Quick Tip: Hard Boiled Eggs (without that gray-green ring around the yolk)

I have to admit that it took me years to figure out how to hard boil an egg. I could never remember what made them hard vs. easy to peel: whether it was over cooking or under cooking, or if it was using older eggs or newer ones. I never knew how long to boil them, so I just let them go. Sometimes until the pan boiled completely dry (a method that I don’t recommend). A few years ago I happened to catch a segment on a cooking show about hard boiling eggs. I thought, “Really? This is something that needs to be explained?!” As it turns out, it was. The tip was how to get hard boiled eggs that have a perfectly yellow yolk without that gray-green ring around it. I had never given it any thought before, but quickly realized that my eggs always looked like this:

Start by heating a pan of water until boiling. While the water is heating, take a safety pin or needle and carefully poke a hole in the larger end of the egg. I assume this is the bottom, but I’m not good with things like that, since I can’t stand them up: my eggs lie on their sides if I’m lucky, and roll off the counter if I’m not. But if you look closely, you’ll see that one end of the egg is wider, and that’s the end to poke. There’s a little gap (a millimeter or two) between the shell and the membrane on that end, so don’t poke too deep or you’ll pierce the membrane and have egg white leaking out.

Poking this hole will allow the pressure to be released from the egg when it hits the boiling water. Without this hole, the pressure can build up and crack the egg shell. Gently lower each pierced egg into the boiling water, and set the timer for 15 minutes.

You can lower the heat to a more gentle boil, but I don’t find that’s really necessary unless your water is boiling over. As for the 15 minutes, that seems to be the best time frame for fully cooking any egg, including extra large eggs that are still cold from the refrigerator. Feel free to experiment with shorter cooking times (say, 10-12 minutes) for smaller eggs.

While the eggs are boiling, prepare a bowl of cold water and ice cubes. There is no exact measurement to follow, but the bowl should be about the size of the pan, so you know the eggs will fit. Add enough ice that the hot eggs won’t melt it right away. When the timer goes off, remove each egg from the boiling water and drop it into the ice water.

Now here’s the secret trick to avoiding the ring: smash the eggs a little bit against the side of the bowl. That’s right, break the shells a little, then submerge them in the ice water.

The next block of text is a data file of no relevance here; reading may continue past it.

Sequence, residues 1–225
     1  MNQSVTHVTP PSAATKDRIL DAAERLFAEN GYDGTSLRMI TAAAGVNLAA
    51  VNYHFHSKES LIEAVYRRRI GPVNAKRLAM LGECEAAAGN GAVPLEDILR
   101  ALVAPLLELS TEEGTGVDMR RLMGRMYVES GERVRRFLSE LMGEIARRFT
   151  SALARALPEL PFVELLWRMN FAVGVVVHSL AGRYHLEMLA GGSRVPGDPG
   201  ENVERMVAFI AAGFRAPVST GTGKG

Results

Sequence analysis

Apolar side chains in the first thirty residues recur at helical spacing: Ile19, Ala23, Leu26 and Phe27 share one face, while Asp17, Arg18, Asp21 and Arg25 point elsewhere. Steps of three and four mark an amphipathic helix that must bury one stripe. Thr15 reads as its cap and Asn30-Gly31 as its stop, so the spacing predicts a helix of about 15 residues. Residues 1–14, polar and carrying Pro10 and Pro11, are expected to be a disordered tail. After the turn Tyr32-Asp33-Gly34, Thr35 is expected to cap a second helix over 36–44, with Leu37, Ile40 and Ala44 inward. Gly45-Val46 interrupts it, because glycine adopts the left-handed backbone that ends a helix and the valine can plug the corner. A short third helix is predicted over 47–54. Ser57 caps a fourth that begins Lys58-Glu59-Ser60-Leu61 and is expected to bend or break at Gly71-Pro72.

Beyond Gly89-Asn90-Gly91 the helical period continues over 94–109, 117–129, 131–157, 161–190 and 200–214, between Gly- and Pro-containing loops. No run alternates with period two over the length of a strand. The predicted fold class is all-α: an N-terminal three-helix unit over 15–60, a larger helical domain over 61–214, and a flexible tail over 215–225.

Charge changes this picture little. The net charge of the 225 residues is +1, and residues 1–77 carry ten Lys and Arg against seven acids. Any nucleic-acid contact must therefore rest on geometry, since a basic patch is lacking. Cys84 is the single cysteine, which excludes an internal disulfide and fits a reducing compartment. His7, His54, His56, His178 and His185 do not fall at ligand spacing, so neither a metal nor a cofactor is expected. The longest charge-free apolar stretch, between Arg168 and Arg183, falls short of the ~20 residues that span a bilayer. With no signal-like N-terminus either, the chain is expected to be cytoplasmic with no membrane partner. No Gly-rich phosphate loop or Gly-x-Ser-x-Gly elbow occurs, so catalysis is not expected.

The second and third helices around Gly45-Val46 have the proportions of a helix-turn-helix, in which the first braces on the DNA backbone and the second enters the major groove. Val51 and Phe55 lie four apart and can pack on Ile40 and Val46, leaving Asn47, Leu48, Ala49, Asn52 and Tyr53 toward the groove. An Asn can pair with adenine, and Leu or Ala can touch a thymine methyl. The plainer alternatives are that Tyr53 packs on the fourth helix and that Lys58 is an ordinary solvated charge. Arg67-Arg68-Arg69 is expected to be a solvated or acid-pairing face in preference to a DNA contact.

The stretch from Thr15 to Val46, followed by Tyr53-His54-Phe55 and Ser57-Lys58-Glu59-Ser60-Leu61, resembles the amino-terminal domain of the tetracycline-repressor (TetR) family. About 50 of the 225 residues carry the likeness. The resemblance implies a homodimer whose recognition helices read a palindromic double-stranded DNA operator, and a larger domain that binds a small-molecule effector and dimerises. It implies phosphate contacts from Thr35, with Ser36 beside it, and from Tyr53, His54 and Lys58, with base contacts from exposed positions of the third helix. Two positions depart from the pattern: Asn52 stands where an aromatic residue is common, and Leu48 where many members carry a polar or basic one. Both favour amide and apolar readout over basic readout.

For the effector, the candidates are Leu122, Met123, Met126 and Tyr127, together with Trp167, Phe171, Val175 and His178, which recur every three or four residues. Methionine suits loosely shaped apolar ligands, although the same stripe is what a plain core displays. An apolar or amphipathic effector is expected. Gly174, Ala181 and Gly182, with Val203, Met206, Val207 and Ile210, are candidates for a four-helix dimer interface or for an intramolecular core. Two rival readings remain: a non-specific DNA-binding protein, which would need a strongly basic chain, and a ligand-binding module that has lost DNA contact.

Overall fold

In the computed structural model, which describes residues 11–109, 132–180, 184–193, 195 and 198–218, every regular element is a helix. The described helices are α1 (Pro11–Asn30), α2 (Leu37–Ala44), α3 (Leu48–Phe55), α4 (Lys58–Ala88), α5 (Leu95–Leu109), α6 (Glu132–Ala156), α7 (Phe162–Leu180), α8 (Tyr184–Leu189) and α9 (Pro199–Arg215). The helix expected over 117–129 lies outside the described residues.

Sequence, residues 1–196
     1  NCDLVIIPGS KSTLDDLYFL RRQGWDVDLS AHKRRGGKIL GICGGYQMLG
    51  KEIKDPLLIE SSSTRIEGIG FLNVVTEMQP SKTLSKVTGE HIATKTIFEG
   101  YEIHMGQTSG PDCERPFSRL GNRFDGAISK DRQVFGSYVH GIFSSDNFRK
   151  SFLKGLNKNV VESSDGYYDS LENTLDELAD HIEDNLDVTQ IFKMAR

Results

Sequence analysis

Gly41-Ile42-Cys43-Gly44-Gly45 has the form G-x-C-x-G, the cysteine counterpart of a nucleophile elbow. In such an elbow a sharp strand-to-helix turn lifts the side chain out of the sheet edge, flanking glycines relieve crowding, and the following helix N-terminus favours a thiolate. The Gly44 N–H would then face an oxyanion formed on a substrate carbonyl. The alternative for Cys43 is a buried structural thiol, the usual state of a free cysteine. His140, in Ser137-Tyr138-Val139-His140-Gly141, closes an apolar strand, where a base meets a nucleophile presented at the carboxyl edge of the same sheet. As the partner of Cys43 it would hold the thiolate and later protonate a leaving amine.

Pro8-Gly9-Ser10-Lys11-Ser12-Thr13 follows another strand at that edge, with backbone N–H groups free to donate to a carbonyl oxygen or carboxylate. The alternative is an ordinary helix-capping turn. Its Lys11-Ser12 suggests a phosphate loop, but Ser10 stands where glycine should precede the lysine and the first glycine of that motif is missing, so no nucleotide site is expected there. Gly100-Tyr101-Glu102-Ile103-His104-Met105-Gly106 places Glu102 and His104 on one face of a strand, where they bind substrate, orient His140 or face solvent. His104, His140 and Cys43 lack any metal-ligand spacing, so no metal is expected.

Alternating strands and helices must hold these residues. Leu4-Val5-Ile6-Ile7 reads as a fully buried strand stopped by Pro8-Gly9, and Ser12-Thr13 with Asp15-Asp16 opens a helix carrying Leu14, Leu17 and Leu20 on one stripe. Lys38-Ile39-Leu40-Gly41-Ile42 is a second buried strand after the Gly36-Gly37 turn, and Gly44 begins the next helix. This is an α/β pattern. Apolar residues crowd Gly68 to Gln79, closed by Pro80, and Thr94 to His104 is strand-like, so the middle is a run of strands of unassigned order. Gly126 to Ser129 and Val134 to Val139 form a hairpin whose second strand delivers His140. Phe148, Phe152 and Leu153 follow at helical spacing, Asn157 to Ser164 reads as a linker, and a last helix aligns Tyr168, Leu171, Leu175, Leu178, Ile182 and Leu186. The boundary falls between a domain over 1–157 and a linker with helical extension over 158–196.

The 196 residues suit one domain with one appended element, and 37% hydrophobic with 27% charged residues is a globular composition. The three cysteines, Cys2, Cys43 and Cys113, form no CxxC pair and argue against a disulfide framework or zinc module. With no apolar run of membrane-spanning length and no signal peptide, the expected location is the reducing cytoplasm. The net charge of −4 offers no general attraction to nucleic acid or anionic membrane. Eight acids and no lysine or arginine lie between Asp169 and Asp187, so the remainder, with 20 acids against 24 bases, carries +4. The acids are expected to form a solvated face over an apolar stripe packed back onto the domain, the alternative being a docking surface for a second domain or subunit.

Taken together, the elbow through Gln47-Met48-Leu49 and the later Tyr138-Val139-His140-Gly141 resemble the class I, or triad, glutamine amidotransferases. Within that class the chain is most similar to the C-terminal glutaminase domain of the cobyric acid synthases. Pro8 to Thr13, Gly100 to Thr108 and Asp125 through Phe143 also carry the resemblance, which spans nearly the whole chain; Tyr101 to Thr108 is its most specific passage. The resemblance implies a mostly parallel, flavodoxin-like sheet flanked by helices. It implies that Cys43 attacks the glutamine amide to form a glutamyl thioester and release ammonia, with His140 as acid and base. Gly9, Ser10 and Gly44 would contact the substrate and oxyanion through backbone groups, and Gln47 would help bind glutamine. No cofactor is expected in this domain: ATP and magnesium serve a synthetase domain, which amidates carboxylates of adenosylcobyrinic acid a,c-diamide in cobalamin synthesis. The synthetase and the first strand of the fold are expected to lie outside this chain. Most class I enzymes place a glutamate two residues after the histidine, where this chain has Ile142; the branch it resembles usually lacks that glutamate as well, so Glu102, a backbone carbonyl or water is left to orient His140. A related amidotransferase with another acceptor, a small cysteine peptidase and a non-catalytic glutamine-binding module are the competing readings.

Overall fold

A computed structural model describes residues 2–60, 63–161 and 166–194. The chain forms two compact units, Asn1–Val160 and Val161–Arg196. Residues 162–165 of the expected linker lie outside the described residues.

From what I remember, these crushed holes will allow the sulfur inside to escape into the ice water, and that this gas is what would otherwise cause the ring. I don’t remember the science behind it; I just know it works.

After about 15 minutes in the water, take them out and either peel ‘n eat them right away or store them in the refrigerator (put them in a plastic bag, so the exposed egg white on the smashed side doesn’t dry out and get rubbery).

Enjoy your ring-free hard boiled eggs!

P.S. To make the eggs easier to peel, peel them under running water.

9 thoughts on “Quick Tip: Hard Boiled Eggs (without that gray-green ring around the yolk)

  1. Thanks for this lovely explanation with all the photos. If you’re interested in more of the science behind hard boiling eggs, you might like this page from the SF Exploratorium’s Science of Cooking site:


    I’ve used their version of the recipe for years now, but I’m going to try your shell smashing trick and see if that makes it work even better!


  2. Okay, just checking to make sure the ring wasn’t going to kill anyone in my house! Maybe I’ve been lucky in the past, but my yolks were always yellow with no ring; however, these went straight from the stove, to a covered bowl, and then the fridge, which I don’t usually do (nor do I usually do extensive run-on sentences ;)). Thanks! You saved me a trip to Walmart where I was going to insist on new eggs!


  3. Another method for perfect eggs is: Steam the eggs in a vegetable steamer set over boiling water for 12 or so minutes – depending on the size of the egg. Then place the eggs in ice water and refrigerate until use. Even fresh eggs peel easily.


  4. Never tried this method – the way I found that works great for me now is to drop the eggs in and let the water boil with them in there. As soon as the water is boiling, remove pot from heat – but cover – and let sit for maybe 10 minutes or so. The come out moist and bright yellow.


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